MSA plans to advocate for the expansion of SAD light availability for students

The Minnesota Student Association is looking at the possibility of expanding SAD light availability to more University libraries.

A+SAD+Lamp+station+in+Magrath+Library+on+Tuesday%2C+Feb.+2.+MSA+is+hoping+to+make+SAD+Lamps+available+to+more+students.

Emily Urfer

A SAD Lamp station in Magrath Library on Tuesday, Feb. 2. MSA is hoping to make SAD Lamps available to more students.

Ava Thompson

The Minnesota Student Association is working to increase the availability of lights on campus to reduce the symptoms of Seasonal Affective Disorder (SAD), a type of depression that is related to changes in seasons when there is less sunlight.

University of Minnesota students can currently check out SAD lights at Magrath Library on the St. Paul campus. Part of a larger effort to improve student mental health, the MSA initiative aims to make the lights available across more University libraries, including Walter Library and Wilson Library.

Eight percent of University students reported being diagnosed with SAD, according to the 2018 College Student Health Survey Report. That year, almost 4% of University students reported being diagnosed with SAD within 12 months of taking the survey.

Through internal library equipment funding, Magrath Library conducted a pilot project that introduced four SAD lights beginning in 2015, with the potential for expansion. The lights were constantly used before COVID-19 and are still circulating, said Kristen Mastel, an outreach and instruction librarian at Magrath Library.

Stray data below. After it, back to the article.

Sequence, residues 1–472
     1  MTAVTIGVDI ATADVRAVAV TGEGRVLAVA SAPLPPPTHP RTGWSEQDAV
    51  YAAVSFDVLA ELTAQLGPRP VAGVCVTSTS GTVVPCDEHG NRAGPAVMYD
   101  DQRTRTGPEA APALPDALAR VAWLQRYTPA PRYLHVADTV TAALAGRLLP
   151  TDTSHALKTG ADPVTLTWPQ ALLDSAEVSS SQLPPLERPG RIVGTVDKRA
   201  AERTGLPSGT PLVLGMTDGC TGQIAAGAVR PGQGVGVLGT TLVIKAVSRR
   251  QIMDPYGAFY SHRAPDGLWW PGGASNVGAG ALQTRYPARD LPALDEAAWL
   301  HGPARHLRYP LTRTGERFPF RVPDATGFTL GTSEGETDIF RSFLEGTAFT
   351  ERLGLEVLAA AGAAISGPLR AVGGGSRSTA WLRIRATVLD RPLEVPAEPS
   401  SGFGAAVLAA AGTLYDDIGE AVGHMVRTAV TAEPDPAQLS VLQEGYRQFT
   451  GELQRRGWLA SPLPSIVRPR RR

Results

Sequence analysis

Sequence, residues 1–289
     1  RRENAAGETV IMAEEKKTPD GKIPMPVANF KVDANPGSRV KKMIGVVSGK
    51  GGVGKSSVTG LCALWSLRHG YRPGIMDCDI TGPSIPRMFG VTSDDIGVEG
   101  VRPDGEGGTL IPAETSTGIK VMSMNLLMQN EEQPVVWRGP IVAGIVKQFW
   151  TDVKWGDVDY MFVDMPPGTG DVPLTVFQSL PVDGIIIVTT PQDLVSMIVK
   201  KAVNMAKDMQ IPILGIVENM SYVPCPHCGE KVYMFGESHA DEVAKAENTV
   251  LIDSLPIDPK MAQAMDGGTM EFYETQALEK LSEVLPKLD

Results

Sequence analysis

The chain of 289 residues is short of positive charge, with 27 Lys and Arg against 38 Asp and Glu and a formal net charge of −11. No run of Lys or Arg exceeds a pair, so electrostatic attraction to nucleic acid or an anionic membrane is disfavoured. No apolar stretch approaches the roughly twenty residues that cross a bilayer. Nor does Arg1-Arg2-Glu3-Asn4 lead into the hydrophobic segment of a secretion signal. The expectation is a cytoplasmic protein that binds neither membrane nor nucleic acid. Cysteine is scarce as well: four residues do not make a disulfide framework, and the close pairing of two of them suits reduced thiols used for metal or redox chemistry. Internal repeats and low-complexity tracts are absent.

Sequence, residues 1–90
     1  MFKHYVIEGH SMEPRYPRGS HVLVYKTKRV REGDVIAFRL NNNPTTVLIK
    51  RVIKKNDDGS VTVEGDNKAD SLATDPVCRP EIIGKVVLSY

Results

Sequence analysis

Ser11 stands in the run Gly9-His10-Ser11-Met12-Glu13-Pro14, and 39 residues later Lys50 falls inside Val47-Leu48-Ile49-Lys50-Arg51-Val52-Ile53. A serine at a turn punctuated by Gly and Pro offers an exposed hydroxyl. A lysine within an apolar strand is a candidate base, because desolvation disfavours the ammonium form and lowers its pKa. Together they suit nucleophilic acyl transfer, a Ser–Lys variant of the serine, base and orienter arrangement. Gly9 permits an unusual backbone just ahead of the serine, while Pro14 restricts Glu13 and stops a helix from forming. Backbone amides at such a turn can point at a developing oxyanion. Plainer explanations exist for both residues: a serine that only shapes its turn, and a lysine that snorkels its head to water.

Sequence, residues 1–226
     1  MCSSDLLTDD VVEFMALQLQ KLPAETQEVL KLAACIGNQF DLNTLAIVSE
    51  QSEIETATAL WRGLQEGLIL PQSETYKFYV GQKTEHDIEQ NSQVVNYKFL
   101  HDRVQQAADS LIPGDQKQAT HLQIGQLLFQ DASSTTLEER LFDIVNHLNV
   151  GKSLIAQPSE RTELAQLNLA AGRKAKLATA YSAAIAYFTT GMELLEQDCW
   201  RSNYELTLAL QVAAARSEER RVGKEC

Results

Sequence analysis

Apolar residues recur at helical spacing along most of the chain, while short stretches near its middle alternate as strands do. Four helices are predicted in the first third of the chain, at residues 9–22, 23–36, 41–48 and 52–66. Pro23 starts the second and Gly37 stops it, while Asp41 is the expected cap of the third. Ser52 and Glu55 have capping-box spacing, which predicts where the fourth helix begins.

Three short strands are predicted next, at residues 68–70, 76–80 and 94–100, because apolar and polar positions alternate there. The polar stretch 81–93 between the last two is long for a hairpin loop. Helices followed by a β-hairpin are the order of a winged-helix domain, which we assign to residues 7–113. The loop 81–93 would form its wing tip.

“Once folks knew about them, they were always checked out whenever it was winter, … whenever it’s kind of gloomy out,” Mastel said.

Governess Simpson, director of MSA’s Health and Wellness Committee, said her team plans to consult with library managers to gauge interest and get student perspectives before drafting a resolution asking the University to purchase more lights.

“Our hope is to put together a resolution that can prompt administration at the library to purchase and indulge in more SAD lights,” Simpson said.

Although the lights are in constant circulation at Magrath, Mark Engebretson, the University Libraries director of advancement, said the overall demand for SAD lights has been low. Since September 2019, Magrath Library has received 45 bookings on the lights.

However, Engebretson said they would look into the possibility of having them available at other University libraries.

“I am fairly convinced this is a need that has to be addressed, and we can create a good case for it,” Simpson said.